Youʻre Not Alone
There are many reasons why Hawaii has such a high incidence of violence against women, and I will be taking an intersectional approach to what causes this male form of aggression.
It's important to remember that domestic violence is a form of power and control of one partner in the relationship over the other.
From a Native-Hawaiian perspective, domestic violence "begins in the home", and therefore any form of intervention must come from a cultural competent perspective. We're told that "IPV 'starts in the home'. It is a learned in the family and community...and the home in which they were raised...for many women it was part of their...and their partner's childhood (Oneha, 2010, p.5). From this cultural perspective, we can see why "experts suggest that clinical interventions for abused women should be based on principles, which includes cultural competence and empowerment" (Oneha et al., 2010, p.2).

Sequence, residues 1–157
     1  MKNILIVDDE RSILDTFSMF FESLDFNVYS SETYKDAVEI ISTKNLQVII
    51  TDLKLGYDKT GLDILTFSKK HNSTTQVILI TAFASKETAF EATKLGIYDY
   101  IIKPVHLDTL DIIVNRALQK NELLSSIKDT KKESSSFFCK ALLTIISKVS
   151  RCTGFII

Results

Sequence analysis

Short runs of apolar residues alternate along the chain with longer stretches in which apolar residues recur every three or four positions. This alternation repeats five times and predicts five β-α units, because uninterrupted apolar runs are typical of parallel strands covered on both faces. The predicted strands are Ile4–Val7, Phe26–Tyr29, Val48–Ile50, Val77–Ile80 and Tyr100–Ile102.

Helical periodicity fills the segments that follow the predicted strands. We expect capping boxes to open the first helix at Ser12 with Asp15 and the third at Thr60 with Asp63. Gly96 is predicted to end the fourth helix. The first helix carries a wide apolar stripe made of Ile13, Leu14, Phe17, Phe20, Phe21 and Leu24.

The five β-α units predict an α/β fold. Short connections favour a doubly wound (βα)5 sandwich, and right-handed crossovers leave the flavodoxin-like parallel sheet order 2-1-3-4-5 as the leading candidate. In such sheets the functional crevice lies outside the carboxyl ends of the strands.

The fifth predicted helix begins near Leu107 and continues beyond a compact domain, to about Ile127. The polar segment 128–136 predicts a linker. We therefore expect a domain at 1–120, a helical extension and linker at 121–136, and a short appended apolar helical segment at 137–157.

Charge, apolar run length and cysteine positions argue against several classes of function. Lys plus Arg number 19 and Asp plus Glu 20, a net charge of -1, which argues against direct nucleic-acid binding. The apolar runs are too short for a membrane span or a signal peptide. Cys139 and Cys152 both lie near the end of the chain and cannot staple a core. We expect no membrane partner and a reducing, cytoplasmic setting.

While we're informed that domestic abuse within a Native-Hawaiian perspective is a learned behavior from childhood and "starts in the home" from a father of other male figure, it's still about that male form of power and control over a woman and can manifest in countless ways of male dominance. Kaufman reminds us that "men's violence against women is probably the clearest, most straightforward expression of relative male and female power...because of differences in physical strength" (Kaufman, 1987, p. 589-590). Rape is a good example of the acting out of these relations of power and the outcome of fragile masculinity (Kaufman, 1987, p.590).